Every month we present you a special object from the Aronson Antiquairs’ collection. This month, we would like to show you this pair of small blue and white jardinières with stands from circa 1780.
In the second half of the 17th century many of the wealthy urban bourgeoisie built country residences (Buitenplaatsen) along the Amstel, Spaarne and Vecht Rivers, which were landscaped with beautiful Dutch baroque gardens. Their classical design was greatly influenced by the architecturally disciplined plan of French gardens, notably the gardens of Versailles. Characteristic of the Dutch garden was a central allée that ended on the central axis of the estate, with which the garden should form a unity. These gardens often included parterres of flowers and plants in geometric designs, avenues and promenade walks, berceaux (‘loofgang’ or long arbors), trimmed hedges, lanes lined with trees and a large pond with fountains.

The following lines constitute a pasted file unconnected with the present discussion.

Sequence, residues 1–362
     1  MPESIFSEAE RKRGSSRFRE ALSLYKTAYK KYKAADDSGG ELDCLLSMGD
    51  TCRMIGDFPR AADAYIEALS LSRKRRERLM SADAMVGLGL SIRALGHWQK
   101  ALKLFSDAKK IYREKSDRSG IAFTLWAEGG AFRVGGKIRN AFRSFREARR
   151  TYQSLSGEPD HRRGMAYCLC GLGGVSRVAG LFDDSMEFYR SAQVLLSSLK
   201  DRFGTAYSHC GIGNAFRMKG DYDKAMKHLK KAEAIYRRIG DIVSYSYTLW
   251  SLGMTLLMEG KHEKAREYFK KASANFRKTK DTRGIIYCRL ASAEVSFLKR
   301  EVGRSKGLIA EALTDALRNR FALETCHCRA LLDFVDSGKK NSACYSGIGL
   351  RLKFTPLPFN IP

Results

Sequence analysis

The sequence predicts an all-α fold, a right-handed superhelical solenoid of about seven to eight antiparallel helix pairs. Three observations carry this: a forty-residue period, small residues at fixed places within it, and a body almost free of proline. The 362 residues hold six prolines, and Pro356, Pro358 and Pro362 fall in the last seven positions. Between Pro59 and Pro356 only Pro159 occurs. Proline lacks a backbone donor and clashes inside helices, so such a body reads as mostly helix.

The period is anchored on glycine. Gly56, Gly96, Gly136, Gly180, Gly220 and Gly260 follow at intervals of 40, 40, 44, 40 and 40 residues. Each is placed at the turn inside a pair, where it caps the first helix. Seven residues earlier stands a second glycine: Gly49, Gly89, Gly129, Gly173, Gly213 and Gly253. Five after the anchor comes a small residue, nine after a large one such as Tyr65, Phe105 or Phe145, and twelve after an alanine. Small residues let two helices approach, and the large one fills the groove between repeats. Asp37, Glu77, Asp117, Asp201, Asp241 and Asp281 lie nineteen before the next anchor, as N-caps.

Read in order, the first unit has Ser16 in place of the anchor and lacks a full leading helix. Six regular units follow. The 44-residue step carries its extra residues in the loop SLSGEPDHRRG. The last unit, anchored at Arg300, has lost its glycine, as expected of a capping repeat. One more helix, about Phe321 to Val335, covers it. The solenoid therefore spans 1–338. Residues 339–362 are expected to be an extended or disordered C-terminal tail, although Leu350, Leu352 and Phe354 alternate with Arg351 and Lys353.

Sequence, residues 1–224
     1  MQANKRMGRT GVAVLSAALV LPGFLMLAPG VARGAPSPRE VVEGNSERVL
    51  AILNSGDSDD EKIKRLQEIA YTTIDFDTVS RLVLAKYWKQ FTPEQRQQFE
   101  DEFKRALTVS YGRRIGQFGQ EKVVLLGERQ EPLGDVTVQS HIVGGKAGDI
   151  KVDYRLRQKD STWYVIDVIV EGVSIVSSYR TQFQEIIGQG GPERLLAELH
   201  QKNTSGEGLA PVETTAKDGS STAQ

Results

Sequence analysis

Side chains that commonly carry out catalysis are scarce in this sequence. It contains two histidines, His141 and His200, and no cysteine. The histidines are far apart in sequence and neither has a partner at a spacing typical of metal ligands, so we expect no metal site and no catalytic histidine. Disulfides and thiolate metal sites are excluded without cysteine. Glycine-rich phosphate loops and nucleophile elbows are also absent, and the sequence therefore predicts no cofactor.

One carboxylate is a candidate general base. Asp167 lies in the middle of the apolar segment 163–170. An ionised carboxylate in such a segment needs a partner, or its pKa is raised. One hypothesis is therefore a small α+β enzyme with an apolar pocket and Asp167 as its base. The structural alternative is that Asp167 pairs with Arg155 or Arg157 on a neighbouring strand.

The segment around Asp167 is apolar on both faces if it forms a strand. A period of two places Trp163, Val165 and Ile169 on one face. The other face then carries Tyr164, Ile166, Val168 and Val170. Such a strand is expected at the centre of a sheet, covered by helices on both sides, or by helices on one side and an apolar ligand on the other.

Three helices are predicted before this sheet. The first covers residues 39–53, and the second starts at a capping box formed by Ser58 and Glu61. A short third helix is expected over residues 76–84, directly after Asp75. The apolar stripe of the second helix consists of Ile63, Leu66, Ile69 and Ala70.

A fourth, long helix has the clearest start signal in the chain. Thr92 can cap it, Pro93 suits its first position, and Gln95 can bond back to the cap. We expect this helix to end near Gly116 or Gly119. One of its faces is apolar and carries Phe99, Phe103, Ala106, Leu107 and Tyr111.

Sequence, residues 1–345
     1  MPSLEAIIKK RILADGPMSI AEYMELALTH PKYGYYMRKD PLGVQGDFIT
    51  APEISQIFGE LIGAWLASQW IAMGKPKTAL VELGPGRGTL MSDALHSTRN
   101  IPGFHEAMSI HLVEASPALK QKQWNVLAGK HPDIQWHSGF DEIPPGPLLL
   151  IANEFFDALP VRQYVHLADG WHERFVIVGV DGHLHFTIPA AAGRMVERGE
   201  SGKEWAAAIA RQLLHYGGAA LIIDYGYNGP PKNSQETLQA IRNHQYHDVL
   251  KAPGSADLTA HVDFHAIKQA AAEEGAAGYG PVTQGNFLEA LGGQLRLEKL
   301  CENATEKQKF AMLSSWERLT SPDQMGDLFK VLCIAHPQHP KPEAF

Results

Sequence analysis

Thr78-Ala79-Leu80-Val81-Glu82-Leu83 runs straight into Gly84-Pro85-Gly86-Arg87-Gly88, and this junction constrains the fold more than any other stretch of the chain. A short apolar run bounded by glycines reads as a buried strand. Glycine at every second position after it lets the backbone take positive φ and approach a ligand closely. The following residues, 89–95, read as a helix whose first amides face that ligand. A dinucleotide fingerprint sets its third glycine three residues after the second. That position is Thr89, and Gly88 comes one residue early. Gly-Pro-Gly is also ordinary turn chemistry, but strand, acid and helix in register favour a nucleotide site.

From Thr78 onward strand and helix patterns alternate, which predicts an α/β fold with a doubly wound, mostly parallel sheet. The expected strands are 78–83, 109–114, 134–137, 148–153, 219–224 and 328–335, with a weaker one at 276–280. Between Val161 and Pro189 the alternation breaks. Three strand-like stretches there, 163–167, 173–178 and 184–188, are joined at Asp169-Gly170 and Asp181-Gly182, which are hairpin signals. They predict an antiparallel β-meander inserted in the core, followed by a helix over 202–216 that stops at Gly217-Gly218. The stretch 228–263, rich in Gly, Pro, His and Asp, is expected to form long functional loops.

Pair of Small Blue and White Jardinières with Stands
Delft, circa 1780
Marked LPK in blue for De Porceleyne Lampetkan (The Porcelain Ewer) factory
Painted on the front and reverse of the campaniform body with a garden pool before a gazebo between balustraded structures, all in a scrollwork panel, the sides with scroll handles, the blue-cupped rim with blue roundels, the domed circular foot with four pierced holes for drainage and a border of stylized leaves repeated on the circular stands.
Heights: 11.6 cm. (4.8 in.)